The Vikings probably have two options to create such a window. The first option, which is the one I used for this Mock Off-Season is to give Kirk Cousins a longer extension than the ones he took so far. We don’t know if Cousins is even interested in signing a longer deal, but it could create the necessary window for the Vikings while giving Kirk Cousins another big raise. For this piece, I decided to give Cousins a four-year extension, which would look like this:
With the four added years, the Vikings would add 160 million dollars to the contract, which still contains the 45 million dollars of the upcoming season. This means, the contract would run for five more years and contain a volume of 205 million dollars with 135 million dollars being fully guaranteed at signing. His 2022 cap hit would be reduced by 15 million dollars. The two following years would also be manageable for the team with two fully guaranteed 35 million dollar cap hits. The trigger for the 2025 signing bonus is set in 2024 (the Chiefs used this trick in the extension for Patrick Mahomes), making it basically fully guaranteed, too. The first chance for the Vikings to move this contract would be in 2025 while keeping a painful 45 million dollars dead cap hit if he’s cut. However, a trade in 2025 would net the Vikings a 30 million dollar cap relief.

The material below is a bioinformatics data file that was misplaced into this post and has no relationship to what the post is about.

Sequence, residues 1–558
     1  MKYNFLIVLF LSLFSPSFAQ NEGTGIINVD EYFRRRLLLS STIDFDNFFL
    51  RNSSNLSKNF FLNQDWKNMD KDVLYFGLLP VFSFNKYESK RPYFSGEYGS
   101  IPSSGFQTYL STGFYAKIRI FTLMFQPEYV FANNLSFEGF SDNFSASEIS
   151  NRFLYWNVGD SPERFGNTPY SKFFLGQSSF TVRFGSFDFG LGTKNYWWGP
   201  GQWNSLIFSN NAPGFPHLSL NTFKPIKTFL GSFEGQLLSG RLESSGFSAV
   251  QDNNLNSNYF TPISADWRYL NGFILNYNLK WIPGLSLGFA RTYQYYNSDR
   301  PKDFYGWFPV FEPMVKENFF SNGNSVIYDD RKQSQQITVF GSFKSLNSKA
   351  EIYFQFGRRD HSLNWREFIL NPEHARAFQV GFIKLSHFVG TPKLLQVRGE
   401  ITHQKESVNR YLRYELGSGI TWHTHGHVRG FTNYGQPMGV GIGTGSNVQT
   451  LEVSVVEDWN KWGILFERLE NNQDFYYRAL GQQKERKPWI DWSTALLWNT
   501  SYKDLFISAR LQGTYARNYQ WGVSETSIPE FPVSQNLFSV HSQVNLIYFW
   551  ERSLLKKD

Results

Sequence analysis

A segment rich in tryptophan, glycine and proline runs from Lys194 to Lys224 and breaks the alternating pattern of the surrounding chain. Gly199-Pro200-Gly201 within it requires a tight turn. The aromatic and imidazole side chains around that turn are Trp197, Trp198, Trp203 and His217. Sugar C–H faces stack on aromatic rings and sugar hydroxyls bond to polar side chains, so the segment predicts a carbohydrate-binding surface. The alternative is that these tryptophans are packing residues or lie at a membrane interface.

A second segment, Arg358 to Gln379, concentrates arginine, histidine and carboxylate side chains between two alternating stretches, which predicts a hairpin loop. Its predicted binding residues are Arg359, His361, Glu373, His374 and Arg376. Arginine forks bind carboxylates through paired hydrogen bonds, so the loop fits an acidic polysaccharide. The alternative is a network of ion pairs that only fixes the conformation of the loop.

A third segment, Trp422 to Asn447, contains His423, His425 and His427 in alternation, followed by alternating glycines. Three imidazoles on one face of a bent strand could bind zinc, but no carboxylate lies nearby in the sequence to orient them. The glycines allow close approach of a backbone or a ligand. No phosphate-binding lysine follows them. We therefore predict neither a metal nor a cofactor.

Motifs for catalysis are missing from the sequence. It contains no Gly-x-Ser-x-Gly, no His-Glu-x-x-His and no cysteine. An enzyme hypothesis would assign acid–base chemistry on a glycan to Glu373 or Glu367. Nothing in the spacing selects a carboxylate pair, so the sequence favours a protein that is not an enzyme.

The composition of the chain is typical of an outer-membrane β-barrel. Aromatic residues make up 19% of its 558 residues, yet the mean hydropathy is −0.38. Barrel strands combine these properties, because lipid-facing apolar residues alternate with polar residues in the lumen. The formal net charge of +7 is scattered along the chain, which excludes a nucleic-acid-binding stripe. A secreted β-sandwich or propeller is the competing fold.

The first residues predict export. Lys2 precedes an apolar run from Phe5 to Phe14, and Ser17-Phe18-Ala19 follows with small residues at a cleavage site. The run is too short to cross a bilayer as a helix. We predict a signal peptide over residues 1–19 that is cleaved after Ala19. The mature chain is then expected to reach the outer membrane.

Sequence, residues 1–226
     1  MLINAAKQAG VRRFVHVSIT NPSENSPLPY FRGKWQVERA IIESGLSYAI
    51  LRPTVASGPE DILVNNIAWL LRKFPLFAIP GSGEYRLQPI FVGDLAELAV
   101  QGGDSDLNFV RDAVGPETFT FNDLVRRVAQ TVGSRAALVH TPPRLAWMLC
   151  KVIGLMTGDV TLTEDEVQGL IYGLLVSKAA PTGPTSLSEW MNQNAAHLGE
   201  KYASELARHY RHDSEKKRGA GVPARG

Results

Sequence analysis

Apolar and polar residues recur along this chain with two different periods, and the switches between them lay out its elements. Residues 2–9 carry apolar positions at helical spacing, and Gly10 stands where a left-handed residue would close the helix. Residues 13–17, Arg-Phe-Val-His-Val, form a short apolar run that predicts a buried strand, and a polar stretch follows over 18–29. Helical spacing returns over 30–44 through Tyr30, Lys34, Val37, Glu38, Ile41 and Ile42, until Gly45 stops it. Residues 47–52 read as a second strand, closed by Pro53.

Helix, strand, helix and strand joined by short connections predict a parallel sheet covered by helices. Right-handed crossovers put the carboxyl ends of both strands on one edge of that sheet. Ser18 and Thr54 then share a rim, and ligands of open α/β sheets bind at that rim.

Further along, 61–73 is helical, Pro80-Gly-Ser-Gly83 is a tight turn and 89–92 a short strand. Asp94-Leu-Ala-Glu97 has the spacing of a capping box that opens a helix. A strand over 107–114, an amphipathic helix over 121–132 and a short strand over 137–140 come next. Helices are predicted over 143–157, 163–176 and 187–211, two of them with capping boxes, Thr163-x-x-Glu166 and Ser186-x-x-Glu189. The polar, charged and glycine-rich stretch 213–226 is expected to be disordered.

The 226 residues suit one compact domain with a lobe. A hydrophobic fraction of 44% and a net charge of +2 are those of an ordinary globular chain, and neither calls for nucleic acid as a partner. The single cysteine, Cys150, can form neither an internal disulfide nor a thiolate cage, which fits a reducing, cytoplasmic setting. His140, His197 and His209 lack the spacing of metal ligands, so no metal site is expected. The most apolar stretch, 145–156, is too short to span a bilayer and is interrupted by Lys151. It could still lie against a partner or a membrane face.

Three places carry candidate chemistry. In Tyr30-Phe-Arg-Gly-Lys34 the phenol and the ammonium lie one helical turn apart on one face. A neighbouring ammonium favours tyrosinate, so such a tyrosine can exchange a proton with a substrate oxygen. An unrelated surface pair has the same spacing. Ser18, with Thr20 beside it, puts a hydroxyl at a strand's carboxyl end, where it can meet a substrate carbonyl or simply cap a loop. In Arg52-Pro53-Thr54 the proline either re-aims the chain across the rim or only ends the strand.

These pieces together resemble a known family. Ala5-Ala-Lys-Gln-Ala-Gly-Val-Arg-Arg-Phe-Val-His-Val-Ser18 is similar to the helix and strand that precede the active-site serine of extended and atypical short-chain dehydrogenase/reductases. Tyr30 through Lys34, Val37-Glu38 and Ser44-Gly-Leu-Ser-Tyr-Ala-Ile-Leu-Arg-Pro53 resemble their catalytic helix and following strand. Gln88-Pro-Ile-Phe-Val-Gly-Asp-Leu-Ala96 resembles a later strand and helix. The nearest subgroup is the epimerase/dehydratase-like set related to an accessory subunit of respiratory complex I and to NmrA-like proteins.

If Kirk Cousins rejects any long-term deal in favor of another short extension, the Vikings would need to use void years to create a manageable three-year window. However, I will not go into detail with this option because it’s not the way I used for this Mock Off-Season. If you’re interested in a detailed breakdown of a short-term extension with void years, you can check out this piece by Luke Braun at zonecoverage.com.
With the Cousins extension done, the Vikings would be able to focus on building a new roster around their Quarterback. To create space, I used the same moves as I did in the first verson of this Mock Off-Season.